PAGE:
CANBERRA -- Reading news headlines and social media reports on Tuesday, you'd be forgiven for thinking you'd accidentally stepped into a time machine and been spat back into 2009.
The Australian Financial Review reported 'Coalition MPs revolt against Clean Energy Target'. In the Sydney Morning Herald, the headline read: 'Tensions erupt in Turnbull government over climate and energy policy'. And News Corp headlines said, 'Backbenchers challenge Turnbull over Clean Energy Target'. Every report on the Coalition's Tuesday afternoon party room meeting to discuss the energy report from government chief scientist Dr Alan Finkel, cast Tony Abbott as the headline act in opposition to plans for a clean energy target, with Fairfax even reporting that a Coalition MP warned: "Malcolm could lose his leadership over this".
No, we're not back in 2009, when then-opposition leader Turnbull committed to action on climate and renewable energy, and was rolled by a vocal crowd of opponents led by Abbott -- but it sure feels like it. Back then, it was Turnbull's support for an emissions trading scheme which was his downfall. In 2017, the drama is coming from the Finkel report, which urges the government to commit to a clean energy target -- possibly up to 42 per cent of electricity production from renewable sources by 2030 -- and outlines that taking action in this area would actually be cheaper, and lead to lower power prices, than doing nothing.
On Tuesday, Turnbull canvassed the opinions of his party room with a special meeting running for several hours. A long afternoon and evening meeting stretched on, with reports of up to 30 MPs addressing their colleagues on the report -- most opposed to, or at least harbouring concerns about, the Finkel report, according to reports.
While energy minister Josh Frydenberg had been confidently asserting that the report would be supported roundly by his colleagues, it seems more than a few hold deep reservations about the Finkel report, driving another wedge into a Coalition party room already splintered on a handful of deep ideological issues.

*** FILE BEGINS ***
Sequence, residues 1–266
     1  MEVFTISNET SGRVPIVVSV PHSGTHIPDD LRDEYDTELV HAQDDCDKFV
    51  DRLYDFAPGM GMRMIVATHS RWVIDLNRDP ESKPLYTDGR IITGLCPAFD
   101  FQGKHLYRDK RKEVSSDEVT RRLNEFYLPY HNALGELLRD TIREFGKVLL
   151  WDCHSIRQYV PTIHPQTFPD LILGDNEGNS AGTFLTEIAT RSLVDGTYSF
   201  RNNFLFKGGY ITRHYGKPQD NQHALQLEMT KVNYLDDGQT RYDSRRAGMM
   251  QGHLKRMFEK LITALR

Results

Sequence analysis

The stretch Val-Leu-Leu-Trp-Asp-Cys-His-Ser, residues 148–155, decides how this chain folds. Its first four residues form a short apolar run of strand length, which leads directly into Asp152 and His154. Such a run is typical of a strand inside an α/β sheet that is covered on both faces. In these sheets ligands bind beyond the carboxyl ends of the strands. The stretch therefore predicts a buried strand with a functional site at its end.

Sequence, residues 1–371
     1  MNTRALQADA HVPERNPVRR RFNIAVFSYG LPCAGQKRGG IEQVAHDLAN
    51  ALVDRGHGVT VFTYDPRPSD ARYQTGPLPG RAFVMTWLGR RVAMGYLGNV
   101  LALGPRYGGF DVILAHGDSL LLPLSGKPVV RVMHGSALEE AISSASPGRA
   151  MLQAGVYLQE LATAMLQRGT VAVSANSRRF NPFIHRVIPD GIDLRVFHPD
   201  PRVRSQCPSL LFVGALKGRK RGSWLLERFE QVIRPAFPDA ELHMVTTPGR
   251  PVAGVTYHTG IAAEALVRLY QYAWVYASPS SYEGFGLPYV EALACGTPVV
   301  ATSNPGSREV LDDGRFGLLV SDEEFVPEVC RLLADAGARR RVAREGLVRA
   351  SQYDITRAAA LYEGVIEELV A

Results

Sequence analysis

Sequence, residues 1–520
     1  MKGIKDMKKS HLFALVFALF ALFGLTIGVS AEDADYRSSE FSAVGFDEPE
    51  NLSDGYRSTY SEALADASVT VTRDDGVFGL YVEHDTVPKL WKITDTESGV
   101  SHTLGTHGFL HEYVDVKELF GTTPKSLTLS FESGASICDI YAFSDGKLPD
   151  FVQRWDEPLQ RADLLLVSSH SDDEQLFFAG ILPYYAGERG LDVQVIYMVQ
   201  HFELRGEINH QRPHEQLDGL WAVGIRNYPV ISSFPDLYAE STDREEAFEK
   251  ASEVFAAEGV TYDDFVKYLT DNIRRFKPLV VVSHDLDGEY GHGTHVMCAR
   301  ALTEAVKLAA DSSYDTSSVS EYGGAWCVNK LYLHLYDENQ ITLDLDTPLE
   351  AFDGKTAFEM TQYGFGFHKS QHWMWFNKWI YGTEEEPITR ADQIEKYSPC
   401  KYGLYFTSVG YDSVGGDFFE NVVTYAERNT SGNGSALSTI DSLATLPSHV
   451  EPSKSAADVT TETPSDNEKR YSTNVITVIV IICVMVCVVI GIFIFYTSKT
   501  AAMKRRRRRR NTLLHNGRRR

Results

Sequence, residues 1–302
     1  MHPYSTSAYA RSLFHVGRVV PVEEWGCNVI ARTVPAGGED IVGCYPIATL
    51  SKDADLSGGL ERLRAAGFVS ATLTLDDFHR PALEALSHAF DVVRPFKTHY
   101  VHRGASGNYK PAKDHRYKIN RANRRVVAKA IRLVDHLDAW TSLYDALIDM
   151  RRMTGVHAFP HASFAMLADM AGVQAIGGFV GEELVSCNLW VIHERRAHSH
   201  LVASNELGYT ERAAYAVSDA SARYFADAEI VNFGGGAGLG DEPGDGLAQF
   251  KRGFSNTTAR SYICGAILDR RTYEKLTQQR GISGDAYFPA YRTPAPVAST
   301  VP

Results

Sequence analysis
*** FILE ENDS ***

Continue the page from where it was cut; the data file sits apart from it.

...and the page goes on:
An interesting point, however, is a small detail deep in the AFR's report. While Abbott has already been publicly vocal and critical of the Finkel report in media interviews, the AFR reported:
Mr Abbott, who had not read the Finkel report, slammed the CET on Monday as a "magic pudding" and "a tax on coal".Australian Financial Review
Abbott, the star attraction of the anti-Finkel crowd, has reportedly not even read the report he has been opposing. It smacks of the immortal line from 'The Simpsons Movie', as President Arnold Schwarzenegger confidently says "I was elected to lead, not to read!"
The chances of Abbott unseating Turnbull in another climate-fuelled coup seem infinitesimal -- Abbott is not thought to have anywhere close to the strength of numbers or party room popularity he enjoyed while prime minister, so Tony 2.0 is unlikely. However, the schism in the Coalition over climate and energy policy cannot be underestimated. There remains a hard core of MPs and senators resolutely opposed to phasing out coal and gas in favour of solar, wind or other renewable sources of energy, and they have support from the likes of key Senate crossbenchers One Nation and Cory Bernardi.
But while the Coalition tears itself apart again over climate and energy, one guy happy to sit back and watch it all go down is Labor leader Bill Shorten. The opposition leader spoke on Tuesday night of a new "civil war" in the government over the Finkel report.
"It would appear that chaos is the order of the day," Shorten said.
"Just when Australians thought that the climate change wars were over, it looks like a new civil war in the Liberal Party has taken it up to a new level."
On Tuesday, following the meeting, Frydenberg told ABC's 7.30 program it was "too early to say" whether the Coalition could agree to a clean energy target. No doubt more will unfold in coming days and weeks.
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